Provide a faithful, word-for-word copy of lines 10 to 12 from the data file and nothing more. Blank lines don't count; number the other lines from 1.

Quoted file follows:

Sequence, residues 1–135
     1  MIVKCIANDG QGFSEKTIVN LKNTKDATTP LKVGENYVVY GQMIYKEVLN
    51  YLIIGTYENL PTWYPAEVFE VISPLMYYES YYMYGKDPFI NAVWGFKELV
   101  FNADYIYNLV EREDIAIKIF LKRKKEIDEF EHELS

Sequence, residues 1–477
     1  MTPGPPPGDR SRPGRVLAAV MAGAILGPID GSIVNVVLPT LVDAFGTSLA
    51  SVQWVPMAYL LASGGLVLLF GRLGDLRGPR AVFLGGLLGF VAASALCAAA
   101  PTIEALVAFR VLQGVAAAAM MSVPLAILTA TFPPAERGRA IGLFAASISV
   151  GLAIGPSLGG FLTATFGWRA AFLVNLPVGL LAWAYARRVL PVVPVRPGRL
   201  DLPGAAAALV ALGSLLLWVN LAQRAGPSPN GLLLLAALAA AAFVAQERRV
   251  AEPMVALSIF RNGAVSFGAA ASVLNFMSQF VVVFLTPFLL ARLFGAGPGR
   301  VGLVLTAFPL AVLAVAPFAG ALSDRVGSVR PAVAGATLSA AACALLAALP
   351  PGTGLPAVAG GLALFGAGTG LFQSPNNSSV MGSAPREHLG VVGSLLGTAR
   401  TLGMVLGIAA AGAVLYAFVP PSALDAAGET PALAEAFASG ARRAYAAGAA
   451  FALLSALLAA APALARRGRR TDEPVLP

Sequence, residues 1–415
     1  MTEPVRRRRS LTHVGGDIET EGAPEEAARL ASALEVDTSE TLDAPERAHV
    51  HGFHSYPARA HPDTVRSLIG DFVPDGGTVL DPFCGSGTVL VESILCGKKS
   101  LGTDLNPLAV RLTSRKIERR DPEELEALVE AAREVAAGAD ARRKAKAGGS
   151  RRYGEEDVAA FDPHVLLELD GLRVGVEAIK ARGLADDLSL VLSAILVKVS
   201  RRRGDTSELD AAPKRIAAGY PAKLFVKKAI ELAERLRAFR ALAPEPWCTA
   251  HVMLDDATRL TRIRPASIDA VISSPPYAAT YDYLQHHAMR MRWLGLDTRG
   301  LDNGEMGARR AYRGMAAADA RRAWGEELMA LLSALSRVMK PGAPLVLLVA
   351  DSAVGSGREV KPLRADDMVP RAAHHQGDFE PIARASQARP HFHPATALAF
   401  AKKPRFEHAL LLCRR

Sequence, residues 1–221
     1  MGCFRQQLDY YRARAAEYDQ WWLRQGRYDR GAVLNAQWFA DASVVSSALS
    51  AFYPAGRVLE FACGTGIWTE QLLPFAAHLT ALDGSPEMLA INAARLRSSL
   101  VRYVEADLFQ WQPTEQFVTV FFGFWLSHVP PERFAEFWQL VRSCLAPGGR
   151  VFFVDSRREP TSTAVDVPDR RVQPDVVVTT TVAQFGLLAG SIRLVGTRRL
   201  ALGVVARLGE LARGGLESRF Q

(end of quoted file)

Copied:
   201  DLPGAAAALV ALGSLLLWVN LAQRAGPSPN GLLLLAALAA AAFVAQERRV
   251  AEPMVALSIF RNGAVSFGAA ASVLNFMSQF VVVFLTPFLL ARLFGAGPGR
   301  VGLVLTAFPL AVLAVAPFAG ALSDRVGSVR PAVAGATLSA AACALLAALP